Contunuing our series on SF from classic British TV. After looking at Nigel Kneale and Rudolph Cartier's work on the pioneering BBC TV SF series 'Quatermass', we shift to their adaptation of 'Nineteen Eight-Four'
You could be forgiven for regarding Kneale and Cartier’s choice of follow-up to the successful 'Quatermass Experiment’ as an eccentric one. While much of the early part of George Orwell’s classic dystopian novel ’Nineteen Eighty-Four’ is given over to a man writing a diary, this later develops into scenes of him reading a book. It’s central question is not whether the totalitarian regime will catch dissident Winston Smith, which is rather assumed to be a foregone conclusion, but whether it can get inside his head and make him love Big Brother. As the old saying goes, you can’t photograph thought. So how do you dramatise thoughtcrime?
In fact the BBC had bought the rights to the book very shortly after publication, and Kneale and Cartier had quite distinct advantages over other adaptors. Though working a good six years after the novel’s publication (in 1954), they perhaps found it easier to reproduce the spirit of the book than the later versions. The Jewish Cartier had to flee his native Austria after the Nazi take-over, and lost family members to the Holocaust. Which, somewhat needless to say, might well have sharpened his feelings about totaliarianism. However, despite this dramatic sequence of events, it would have been more his later experiences in Britain that informed this adaptation.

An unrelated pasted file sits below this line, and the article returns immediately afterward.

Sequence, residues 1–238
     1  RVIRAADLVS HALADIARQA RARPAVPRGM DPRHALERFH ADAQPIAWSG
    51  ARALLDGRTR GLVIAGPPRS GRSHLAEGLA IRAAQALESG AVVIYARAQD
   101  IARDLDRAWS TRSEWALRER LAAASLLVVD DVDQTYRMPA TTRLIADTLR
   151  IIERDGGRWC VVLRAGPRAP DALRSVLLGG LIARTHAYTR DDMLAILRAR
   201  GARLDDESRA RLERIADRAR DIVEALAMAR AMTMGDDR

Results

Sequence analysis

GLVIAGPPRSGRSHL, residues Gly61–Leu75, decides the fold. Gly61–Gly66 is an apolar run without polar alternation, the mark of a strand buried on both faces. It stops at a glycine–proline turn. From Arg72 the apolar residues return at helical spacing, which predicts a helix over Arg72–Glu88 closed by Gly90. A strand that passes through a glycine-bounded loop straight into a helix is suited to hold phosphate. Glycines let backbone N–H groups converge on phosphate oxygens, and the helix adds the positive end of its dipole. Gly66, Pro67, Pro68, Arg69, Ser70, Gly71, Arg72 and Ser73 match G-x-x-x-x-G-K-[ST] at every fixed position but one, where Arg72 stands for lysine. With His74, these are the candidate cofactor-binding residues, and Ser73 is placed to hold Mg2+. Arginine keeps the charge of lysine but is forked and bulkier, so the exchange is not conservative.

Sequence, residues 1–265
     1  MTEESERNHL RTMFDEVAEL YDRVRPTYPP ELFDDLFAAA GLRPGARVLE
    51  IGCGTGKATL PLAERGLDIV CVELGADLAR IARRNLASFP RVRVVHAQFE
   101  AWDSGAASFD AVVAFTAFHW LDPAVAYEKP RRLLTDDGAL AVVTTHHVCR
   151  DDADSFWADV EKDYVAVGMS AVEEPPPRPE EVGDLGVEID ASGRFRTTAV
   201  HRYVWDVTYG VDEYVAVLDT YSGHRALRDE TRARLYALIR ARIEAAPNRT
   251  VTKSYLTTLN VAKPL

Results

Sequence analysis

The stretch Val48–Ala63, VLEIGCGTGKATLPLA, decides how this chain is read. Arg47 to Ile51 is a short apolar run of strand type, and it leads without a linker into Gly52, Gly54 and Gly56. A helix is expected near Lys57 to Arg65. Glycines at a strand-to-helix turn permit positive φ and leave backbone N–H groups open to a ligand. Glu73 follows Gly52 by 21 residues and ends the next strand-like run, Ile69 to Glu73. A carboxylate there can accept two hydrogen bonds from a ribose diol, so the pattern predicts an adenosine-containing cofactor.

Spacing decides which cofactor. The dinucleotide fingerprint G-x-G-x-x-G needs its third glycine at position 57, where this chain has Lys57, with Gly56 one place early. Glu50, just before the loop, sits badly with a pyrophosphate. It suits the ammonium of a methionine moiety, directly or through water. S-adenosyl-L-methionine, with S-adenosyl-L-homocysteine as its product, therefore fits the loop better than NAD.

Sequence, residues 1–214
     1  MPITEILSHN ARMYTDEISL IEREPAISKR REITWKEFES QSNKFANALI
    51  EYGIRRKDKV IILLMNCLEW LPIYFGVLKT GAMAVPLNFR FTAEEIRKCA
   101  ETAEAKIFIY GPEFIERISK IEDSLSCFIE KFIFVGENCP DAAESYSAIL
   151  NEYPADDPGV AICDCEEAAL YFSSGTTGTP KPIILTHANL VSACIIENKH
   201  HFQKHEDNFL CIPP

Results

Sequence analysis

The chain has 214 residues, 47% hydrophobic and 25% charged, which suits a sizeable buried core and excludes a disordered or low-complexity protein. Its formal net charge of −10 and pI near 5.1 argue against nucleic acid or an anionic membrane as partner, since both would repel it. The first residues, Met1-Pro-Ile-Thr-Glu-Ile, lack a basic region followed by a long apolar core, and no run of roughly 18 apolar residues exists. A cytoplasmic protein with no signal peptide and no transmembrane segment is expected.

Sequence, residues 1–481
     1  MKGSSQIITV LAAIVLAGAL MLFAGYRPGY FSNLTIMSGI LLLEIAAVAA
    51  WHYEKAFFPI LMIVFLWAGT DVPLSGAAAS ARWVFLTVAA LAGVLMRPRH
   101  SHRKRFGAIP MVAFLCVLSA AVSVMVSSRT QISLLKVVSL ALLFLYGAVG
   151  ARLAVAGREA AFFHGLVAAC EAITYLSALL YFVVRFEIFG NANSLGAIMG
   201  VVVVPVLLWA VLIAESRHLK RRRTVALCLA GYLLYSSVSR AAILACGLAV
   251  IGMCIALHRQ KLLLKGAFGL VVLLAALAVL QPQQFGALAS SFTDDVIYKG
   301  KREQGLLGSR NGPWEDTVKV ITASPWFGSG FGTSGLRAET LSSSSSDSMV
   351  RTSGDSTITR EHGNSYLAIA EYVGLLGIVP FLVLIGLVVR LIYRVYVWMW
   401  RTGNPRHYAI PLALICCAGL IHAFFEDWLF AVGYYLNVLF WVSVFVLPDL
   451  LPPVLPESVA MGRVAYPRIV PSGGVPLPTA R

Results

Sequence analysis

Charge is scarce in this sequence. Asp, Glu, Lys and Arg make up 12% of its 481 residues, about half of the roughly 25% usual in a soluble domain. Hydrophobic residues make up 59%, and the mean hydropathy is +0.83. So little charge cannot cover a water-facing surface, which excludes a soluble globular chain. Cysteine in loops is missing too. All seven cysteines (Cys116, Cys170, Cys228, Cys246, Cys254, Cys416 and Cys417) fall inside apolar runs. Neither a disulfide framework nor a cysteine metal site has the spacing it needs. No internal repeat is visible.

Though the novel takes place in a scenario of perpetual war, Orwell wrote it after hostilities were over. And, like many others during theat period, he had become convinced that it had stratified the possible outcomes for history – into socialism versus totalitarianism. Hence his book is still steeped in ration-book austerity, the smell of boiled cabbage and ‘careless-talk’ style paranoia. (Aspects of it now seem dated to us, such as the Anti Sex League. They stopped trying to censor sex a long time ago. In fact nowadays it’s their favoured ruse to try and sell us shit.) Kneale, and to a lesser extent Cartier, would have been similarly steeped in such a spirit. Rationing, for example, did not end until shortly before the programme was broadcast.